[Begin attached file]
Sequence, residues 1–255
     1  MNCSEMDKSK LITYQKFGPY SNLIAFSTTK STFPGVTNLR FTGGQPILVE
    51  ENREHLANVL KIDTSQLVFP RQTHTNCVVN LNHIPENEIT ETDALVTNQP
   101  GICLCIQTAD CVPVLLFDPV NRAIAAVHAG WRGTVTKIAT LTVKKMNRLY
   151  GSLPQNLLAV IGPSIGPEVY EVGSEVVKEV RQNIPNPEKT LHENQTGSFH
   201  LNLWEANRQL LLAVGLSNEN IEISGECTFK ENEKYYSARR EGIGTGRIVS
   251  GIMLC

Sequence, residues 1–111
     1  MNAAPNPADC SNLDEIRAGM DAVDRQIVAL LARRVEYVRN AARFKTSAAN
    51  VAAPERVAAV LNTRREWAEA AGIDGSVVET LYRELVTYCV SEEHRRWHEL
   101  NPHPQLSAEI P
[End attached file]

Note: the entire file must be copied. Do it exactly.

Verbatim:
Sequence, residues 1–255
     1  MNCSEMDKSK LITYQKFGPY SNLIAFSTTK STFPGVTNLR FTGGQPILVE
    51  ENREHLANVL KIDTSQLVFP RQTHTNCVVN LNHIPENEIT ETDALVTNQP
   101  GICLCIQTAD CVPVLLFDPV NRAIAAVHAG WRGTVTKIAT LTVKKMNRLY
   151  GSLPQNLLAV IGPSIGPEVY EVGSEVVKEV RQNIPNPEKT LHENQTGSFH
   201  LNLWEANRQL LLAVGLSNEN IEISGECTFK ENEKYYSARR EGIGTGRIVS
   251  GIMLC

Sequence, residues 1–111
     1  MNAAPNPADC SNLDEIRAGM DAVDRQIVAL LARRVEYVRN AARFKTSAAN
    51  VAAPERVAAV LNTRREWAEA AGIDGSVVET LYRELVTYCV SEEHRRWHEL
   101  NPHPQLSAEI P